Thursday, February 26, 2009

Once again, actions speak louder than campaign rhetoric...

... or even rhetoric in front of both houses of the US Congress, when the President reassures the American public that we do not torture.

Yeah, and neither did the Bush administration.

Two stories.

First: William Fisher:

While human rights and legal advocacy groups applauded President Barack Obama's decision to close the military prison at Guantánamo Bay within a year, many immediately raised another thorny question: "What about Bagram?"

The answer came as a shock. In a brief filing in federal court last week, lawyers from Obama's Department of Justice said they would adopt the same position taken by the George W. Bush administration – that detainees held at the Bagram air base in Afghanistan have no right to challenge their detention in U.S. courts.

The U.S. government is holding more than 600 prisoners at Bagram. Some claim they are victims of "extraordinary rendition" by the U.S. Central Intelligence Agency (CIA), while many more say they have been tortured and abused at the facility just outside Kabul....

A United Nations report last week singled out the Bagram facility for criticism. While the Red Cross was allowed to visit detainees, the report said, the Red Cross findings are kept secret and the U.S. military has denied U.N. requests for similar visits.

"There are reports that some persons have been in detention at Bagram for as long as five years," the report says. "Some ex-detainees allege being subjected to severe torture, even sexual abuse. Ex-detainees also allege that they were held in cages containing between 15 to 20 men and that two detainees died in questionable circumstances while in custody."

And from Reuters:

LONDON (Reuters) - Abuse of prisoners at Guantanamo Bay has worsened sharply since President Barack Obama took office as prison guards "get their kicks in" before the camp is closed, according to a lawyer who represents detainees.

Abuses began to pick up in December after Obama was elected, human rights lawyer Ahmed Ghappour told Reuters. He cited beatings, the dislocation of limbs, spraying of pepper spray into closed cells, applying pepper spray to toilet paper and over-forcefeeding detainees who are on hunger strike.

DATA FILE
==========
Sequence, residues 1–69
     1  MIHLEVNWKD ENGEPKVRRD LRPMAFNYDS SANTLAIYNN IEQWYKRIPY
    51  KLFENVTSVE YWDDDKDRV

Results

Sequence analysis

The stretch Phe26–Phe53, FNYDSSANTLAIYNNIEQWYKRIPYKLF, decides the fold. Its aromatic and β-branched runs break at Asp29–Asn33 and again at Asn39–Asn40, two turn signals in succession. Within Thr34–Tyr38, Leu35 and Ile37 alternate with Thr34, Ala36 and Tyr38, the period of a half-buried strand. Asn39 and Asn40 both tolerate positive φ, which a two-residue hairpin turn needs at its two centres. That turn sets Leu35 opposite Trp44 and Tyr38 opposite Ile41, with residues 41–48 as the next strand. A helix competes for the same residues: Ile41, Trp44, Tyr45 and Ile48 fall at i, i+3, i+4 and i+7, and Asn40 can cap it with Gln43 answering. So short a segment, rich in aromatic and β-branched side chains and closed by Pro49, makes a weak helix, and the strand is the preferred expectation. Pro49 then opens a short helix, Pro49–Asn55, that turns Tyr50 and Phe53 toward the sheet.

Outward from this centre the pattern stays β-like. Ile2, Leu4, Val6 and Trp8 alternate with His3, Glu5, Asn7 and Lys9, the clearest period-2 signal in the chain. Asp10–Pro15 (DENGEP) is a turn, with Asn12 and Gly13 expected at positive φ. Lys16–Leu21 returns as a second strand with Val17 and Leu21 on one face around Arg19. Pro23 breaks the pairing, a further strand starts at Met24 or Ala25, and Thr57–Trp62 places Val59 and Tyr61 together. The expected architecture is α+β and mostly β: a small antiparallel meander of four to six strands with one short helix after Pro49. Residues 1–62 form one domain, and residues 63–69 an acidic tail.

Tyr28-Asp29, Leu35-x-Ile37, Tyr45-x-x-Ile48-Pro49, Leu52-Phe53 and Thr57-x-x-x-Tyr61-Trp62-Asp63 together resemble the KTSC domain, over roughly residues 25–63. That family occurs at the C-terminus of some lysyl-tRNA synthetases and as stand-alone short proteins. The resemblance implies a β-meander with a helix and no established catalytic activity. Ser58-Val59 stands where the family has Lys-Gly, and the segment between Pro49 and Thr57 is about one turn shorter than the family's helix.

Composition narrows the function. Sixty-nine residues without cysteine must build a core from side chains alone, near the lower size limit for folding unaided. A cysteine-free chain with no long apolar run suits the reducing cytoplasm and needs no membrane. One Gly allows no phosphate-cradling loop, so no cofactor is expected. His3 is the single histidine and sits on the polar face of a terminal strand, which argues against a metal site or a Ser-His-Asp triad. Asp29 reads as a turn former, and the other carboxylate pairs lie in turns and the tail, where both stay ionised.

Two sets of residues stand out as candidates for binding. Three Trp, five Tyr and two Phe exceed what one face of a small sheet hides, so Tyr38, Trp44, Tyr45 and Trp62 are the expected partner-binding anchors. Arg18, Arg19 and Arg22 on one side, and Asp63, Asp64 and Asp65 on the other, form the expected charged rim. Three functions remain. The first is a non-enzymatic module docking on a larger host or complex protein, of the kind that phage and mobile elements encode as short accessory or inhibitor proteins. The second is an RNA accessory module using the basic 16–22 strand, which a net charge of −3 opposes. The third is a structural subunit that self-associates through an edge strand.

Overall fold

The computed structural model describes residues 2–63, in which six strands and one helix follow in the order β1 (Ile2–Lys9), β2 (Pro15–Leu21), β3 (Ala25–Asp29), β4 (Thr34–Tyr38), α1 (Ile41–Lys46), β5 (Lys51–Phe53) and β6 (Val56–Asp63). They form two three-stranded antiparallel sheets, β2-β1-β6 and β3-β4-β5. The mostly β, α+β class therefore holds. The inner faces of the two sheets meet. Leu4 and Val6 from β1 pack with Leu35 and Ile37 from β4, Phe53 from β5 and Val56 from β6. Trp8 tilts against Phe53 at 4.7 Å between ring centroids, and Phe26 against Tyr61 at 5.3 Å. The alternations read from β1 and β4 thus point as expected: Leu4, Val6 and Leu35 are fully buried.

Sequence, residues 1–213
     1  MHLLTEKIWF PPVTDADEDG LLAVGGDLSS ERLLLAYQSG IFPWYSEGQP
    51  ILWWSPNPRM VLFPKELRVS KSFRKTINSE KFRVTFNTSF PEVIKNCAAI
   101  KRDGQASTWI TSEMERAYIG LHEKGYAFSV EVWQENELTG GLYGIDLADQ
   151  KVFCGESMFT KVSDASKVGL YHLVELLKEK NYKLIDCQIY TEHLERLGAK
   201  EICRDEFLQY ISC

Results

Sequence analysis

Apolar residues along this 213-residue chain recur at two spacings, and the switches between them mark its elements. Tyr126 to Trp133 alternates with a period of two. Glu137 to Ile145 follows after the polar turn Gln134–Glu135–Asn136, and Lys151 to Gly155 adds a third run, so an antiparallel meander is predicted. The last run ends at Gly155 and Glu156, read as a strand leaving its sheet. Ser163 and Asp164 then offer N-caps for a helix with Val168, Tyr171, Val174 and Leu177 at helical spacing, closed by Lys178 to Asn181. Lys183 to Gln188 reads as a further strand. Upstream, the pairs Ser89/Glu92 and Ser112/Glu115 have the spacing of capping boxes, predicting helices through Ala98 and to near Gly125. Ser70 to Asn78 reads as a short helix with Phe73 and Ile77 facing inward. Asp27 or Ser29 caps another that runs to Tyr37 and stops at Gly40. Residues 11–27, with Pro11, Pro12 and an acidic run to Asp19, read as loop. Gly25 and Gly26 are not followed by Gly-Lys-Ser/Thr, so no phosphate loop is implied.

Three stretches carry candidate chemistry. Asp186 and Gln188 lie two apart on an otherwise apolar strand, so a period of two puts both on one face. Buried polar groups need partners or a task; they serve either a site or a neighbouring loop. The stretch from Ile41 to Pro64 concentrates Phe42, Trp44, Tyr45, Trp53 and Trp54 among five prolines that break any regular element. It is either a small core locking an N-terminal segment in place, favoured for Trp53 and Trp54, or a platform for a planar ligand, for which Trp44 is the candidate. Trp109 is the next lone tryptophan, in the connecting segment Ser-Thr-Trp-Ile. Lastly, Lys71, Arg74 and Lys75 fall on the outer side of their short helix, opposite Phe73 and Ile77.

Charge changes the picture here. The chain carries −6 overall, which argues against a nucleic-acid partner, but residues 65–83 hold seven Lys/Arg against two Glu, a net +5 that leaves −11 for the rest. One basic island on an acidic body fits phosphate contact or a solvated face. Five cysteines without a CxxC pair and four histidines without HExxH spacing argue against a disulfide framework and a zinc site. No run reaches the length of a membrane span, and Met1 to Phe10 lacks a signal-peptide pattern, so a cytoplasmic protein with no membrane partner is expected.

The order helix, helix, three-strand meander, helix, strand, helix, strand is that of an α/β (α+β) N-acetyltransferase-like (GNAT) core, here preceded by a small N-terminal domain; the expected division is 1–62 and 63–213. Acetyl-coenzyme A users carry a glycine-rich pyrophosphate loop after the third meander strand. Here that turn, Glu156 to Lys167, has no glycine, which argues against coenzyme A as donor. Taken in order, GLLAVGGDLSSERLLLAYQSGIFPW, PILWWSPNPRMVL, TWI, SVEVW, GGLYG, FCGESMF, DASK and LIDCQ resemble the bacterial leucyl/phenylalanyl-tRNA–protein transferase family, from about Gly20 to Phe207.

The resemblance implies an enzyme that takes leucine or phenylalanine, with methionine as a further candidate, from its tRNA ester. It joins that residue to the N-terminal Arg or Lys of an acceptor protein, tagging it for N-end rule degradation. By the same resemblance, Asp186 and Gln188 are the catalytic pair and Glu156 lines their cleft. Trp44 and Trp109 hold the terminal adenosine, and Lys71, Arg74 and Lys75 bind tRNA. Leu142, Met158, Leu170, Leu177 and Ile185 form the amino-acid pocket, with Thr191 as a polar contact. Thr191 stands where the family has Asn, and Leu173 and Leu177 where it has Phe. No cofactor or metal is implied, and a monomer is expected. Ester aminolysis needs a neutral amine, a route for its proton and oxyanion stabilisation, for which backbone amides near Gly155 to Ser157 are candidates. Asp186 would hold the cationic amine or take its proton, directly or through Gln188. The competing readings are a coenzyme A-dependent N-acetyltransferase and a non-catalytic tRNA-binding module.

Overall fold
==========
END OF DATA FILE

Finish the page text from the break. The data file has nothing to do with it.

The Pentagon said on Monday that it had received renewed reports of prisoner abuse during a recent review of conditions at Guantanamo, but had concluded that all prisoners were being kept in accordance with the Geneva Conventions.

"According to my clients, there has been a ramping up in abuse since President Obama was inaugurated," said Ghappour, a British-American lawyer with Reprieve, a legal charity that represents 31 detainees at Guantanamo.

"If one was to use one's imagination, (one) could say that these traumatized, and for lack of a better word barbaric, guards were just basically trying to get their kicks in right now for fear that they won't be able to later," he said.

"Certainly in my experience there have been many, many more reported incidents of abuse since the inauguration," added Ghappour, who has visited Guantanamo six times since late September and based his comments on his own observations and conversations with both prisoners and guards.

For those of you who argue that a new President deserves some time to deal with issues, I generally agree.

With one big exception.

Torture, abuse, and illegal detention are President Obama's responsibility from day one.

1 comment:

Anonymous said...

Couldn't agree more, Steve!

Along the same lines, i.e., continuation of questionable Bush policies, there is a question on Obama's policies on renditions and on the rights of detainees, the indefinite detention of detainees.

On rendition:,0,7548176,full.story

On the rights of detainees:

When the rubber meets the road, campaign promises and expressed values can get thrown under the bus.

Perry Hood